New York’s Andrew Cuomo is another Democratic governor widely expected to run. Cuomo made his biggest splash by presiding over New York’s legalization of gay marriage in 2011. Unlike O’Malley, he’s had some fiscal success. Yes, New York has the highest tax burden, the 14th-highest unemployment rate, and the 16th-worst business climate in America, all of which would be fodder for a successful red-state governor. But Cuomo came to office in 2011 with a $9 billion budget deficit; he’s helped reduce it to a projected $1.3 billion. And while he restructured New York’s tax code, he never significantly raised taxes. This year, he made a no-new-taxes pledge.

All this might seem like a credit to Cuomo. But Democratic primaries are decided by the most left-leaning activists and voters in the party. Cuomo not only resisted calls to raise taxes on the rich, but he also passed sweeping pension reforms and, until recently, was interested in legalizing fracking in New York. A governor with a reputation as a moderate who enrages labor unions and environmentalists, two key liberal constituencies, could find himself handicapped in a Democratic primary.

And whatever Cuomo’s done for New York, it’s overshadowed by the enormous economic damage he did to the country. As head of Housing and Urban Development under President Bill Clinton from 1997 to 2001, Cuomo ordered the Federal Housing Administration to increase its mortgage loan limits to irresponsible levels. He also passed a new set of standards requiring Fannie Mae and Freddie Mac to gobble up more loans made to low-income home buyers. The result was a frenzy of sub-prime lending that ultimately razed the economy and left government entities saddled with debt amounting to more than $140 billion today.

Two of Cuomo’s neighbors, Gov. Dannel Malloy of Connecticut and Gov. Deval Patrick of Massachusetts, have also been mentioned as presidential material. But both have said they won’t run in 2016. That’s left desperate progressives running to Elizabeth Warren, the recently elected Massachusetts senator and leftist darling. A Warren 2016 run is highly improbable, although it wouldn’t be the first time a far-left senator emerged from rookiedom to capture the Democratic nomination.

Still, a dark horse is a real possibility on the D Team. The most likely out-of-nowhere candidate is former Montana governor Brian Schweitzer. Ideologically, Schweitzer is a red-state mixed bag, the sort who supports both coal and alternative energy sources; who wants single-payer health care, but growls, “None of your damn business” when asked how many guns he owns. He’s articulate, popular back home, wears a bolo tie, and is almost certainly running for president (a friend of mine active in Montana politics said he’d put money on it). Like Cuomo, Schweitzer would face opposition from liberals, but he’s far more gregarious and likeable than the dour New Yorker.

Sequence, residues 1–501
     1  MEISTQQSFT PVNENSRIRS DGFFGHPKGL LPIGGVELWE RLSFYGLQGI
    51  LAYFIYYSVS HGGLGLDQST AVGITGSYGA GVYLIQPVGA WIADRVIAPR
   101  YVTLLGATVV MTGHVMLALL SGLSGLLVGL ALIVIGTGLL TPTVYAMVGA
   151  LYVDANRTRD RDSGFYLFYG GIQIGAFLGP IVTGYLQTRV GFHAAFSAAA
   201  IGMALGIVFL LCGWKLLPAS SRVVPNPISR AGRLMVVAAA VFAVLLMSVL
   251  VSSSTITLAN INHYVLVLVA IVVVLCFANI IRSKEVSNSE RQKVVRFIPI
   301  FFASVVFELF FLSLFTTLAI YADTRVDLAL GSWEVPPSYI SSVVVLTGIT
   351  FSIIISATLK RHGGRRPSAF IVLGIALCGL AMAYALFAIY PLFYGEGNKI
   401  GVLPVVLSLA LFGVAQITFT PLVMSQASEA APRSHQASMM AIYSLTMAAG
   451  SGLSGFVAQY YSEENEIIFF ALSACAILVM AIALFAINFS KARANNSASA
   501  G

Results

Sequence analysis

Asked about his presidential ambitions on CNN late last year, Schweitzer wasn’t exactly coy:

I’m governor of Montana until January. At that point, I’ll no longer have a governor’s mansion, I won’t have a driver, I won’t have security, so I’ll have a little time on my hands. I think I did mention that I have a warm regard for the people of Iowa and New Hampshire.

Rare is the Montanan who finds warm regard for the people of New Hampshire and who isn’t running for president.

Schweitzer is one of the strongest players on the D Team and could bring about a repeat of 1992, in which a charismatic red-state governor emerges to lead the party. But it’s important to remember that dark horses are most likely to emerge when the front-runners are weak. If Hillary Clinton decides not to run and the field is helmed by the paper-thin Biden and O’Malley, a Democratic dark horse may not only be ideal, but necessary for survival.

Given that the election is almost four years away, such discussion borders on the sort of irresponsible speculation practiced by quivering Washington political reporters hooked up to IVs that drip with Gallup data. But the next time some moderate wino starts lecturing that the GOP must adopt the platform of the Sandinista National Liberation Front if it wants to win again, conservatives should embrace a little irresponsibility and ruminate on how the D Team compares to Rand Paul, Marco Rubio, Paul Ryan, and Chris Christie.

Republicans had a weak bench in 2012. Now it’s the Democrats’ turn to play in the minor leagues. 

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Matt Purple is The American Spectator's assistant managing editor.